The inner cannula 500 is a relatively rigid tube, bent in substantially the same configuration as the tracheostomy tube 100 The inner cannula 500 is used, inter alia, to permit selective cleaning of the tube 100 which can become occluded during use.
The cannula 500 includes a shoulder 501 which rests upon a counterpart shoulder 136 which is provided at the interior of the proximal end 135 of tube 100 (or by the flange 200). Thus, the cannula 500 is limited in the insertion into the tube 100.
In addition, the cannula 500 includes a suitable gripping end such as a flared end or a pull ring formed at the proximal end thereof. Thus, the cannula can be removed from tube 100 as desired.
Referring now to FIG. 3, there is shown a lengthwise cross-sectional view of the embodiment of the tracheostomy tube shown in FIG. 1.
In this embodiment, the tracheostomy tube 100 comprises an arcuate shaped inner tube 175 formed of a relatively rigid material such as ABS plastic or the like which follows the conventional configuration of a tracheostomy tube. The inner tube is, typically, a rigid PVC, or the like, which has a hardness rating of about 76 Durometer (shore D).
The outer tube 176 is disposed on and surrounds the inner tube 175; accordingly, as shown in FIG. 3, it will be understood that the inner tube 175 and the outer tube 176 are coaxially nested tubes. The outer tube, typically, has a hardness rating of about 40-55 Durometer (shore A). Thus, the outer tube 176 is formed of a relatively soft material such as PVC or the like.
In one embodiment, at least one channel (see FIG. 4) is formed in the inner surface of outer tube 176. That is, tube 176 can be fabricated by an extrusion process wherein one or more channels 177 are formed. The channel (or channels) provide small airways between the inner and outer tubes when they have been assembled. One of more holes 405 pass through the soft outer tube 176 to communicate with the channels 177 as described infra.
The assembly process can, typically, comprise the steps of forming each of the inner and outer tubes, inserting the inner tube into the outer tube, bending the nested tubes to shape while heated or the like. The heating process also helps to heat shrink the outer tube 176 onto the inner tube 175 for close adherence thereto.
The arcuate tube includes a thin, substantially airtight membrane affixed thereto to form the inflatable balloon or cuff 110 (shown in the inflated status). The cuff membrane is affixed to the outer tube 176 by the edges of the membrane material. Obviously, when the cuff 110 is not inflated, it is substantially coplanar with the outer surface of the tracheal tube 100.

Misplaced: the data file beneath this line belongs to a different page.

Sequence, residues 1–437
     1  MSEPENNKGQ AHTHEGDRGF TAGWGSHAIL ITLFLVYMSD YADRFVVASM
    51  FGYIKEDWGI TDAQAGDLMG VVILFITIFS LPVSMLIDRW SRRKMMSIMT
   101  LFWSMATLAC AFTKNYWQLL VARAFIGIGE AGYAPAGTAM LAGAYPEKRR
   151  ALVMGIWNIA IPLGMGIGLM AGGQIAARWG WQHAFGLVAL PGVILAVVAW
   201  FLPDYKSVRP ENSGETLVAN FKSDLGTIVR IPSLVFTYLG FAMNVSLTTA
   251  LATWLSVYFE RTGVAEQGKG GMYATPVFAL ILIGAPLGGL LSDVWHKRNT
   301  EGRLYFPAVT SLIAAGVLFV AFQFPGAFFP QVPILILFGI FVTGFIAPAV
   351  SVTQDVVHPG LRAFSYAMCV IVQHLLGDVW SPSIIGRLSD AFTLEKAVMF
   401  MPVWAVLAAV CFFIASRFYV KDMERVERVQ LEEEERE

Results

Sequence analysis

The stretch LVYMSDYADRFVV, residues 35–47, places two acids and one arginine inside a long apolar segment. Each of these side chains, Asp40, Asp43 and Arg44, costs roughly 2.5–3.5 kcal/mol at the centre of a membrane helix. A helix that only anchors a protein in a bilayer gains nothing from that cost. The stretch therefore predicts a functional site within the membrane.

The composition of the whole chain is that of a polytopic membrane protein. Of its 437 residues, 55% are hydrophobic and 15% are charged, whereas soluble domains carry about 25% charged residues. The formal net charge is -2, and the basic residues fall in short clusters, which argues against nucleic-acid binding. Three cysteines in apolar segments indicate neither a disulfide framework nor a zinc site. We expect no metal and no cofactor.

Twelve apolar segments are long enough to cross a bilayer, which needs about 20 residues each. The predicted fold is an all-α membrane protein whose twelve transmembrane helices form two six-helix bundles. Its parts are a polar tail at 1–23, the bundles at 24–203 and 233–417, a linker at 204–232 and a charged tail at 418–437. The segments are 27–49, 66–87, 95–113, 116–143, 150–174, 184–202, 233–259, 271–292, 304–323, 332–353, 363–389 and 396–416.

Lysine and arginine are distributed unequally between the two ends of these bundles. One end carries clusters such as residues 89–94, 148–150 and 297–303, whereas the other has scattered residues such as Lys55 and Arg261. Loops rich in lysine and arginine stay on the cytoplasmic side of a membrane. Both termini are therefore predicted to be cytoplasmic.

The tracheal tube 100 includes one or more openings 120 also known as fenestrations which pass therethrough. The bar 125 maintains a continuous internal surface for guiding the inner cannula 500. The fenestrations 120 are used for patient treatment.
The mounting mechanism, i.e. flange 200, is connected with the tracheal tube 100 in a suitable fashion. In a preferred embodiment, the flange 200 is adhered to, or integrally formed with, a connector 135 which forms the end of the tube 100. The connector 135 includes the internal shoulder 136 which limits the insertion of connector tube 402 and also forms an abutment for the end of composite tube 100. (The inner cannula 500 passes through the opening in shoulder 136.) The O-ring 137 provides an air tight seal between connector 135, flange 200 and tube 100.
The connector 134 is, typically, adhered to the end of the tube 100 but can be integrally formed therewith, if desired. Thus, the flange 200 can be joined to the end of tube 100 in any suitable fashion. For example, tube 100 and flange 200 can be integrally formed. Conversely, the two components can be formed separately and joined together in any suitable manner such as adhesive, thermal bonding or the like.
The conduit 301 from source 300 is, typically, connected through the end connector 135 into communication with one or more of the channels 177 whereby air (or other fluid) is supplied to cuff 110.
The connector cap 401 is threadedly attachable to the end connector 135 at the proximal end of the tube 100 which is also threaded. The connector tube 402 is captured in the cap 401 in any suitable fashion such as by shoulder 410 whereby the connector tube 402 is swivelably mounted to the cap 401. A connector 403 of conventional design is joined to the connector tube 402, for example, by suitable interlocking shoulders 411 and 412 whereby, the tube 402 and connector 403 can be integrally formed or they can be snapped together while rotatably mounted to each other in order to form a swivel connection 400.
Referring now to FIG. 4, there is shown a cross-sectional view of the tracheal tube 100 taken along the line 4--4 shown in FIG. 3.
In this cross-sectional view, the tracheostomy tube 100 is shown to comprise an outer tube 176 (formed of relatively soft material) and an inner tube 175 (formed of relatively hard material). The inner diameter of tube 176 and the outer diameter of tube 175 are of quite similar dimensions so as to provide an extremely snug fit between the tubes when they are mounted co-axially as shown.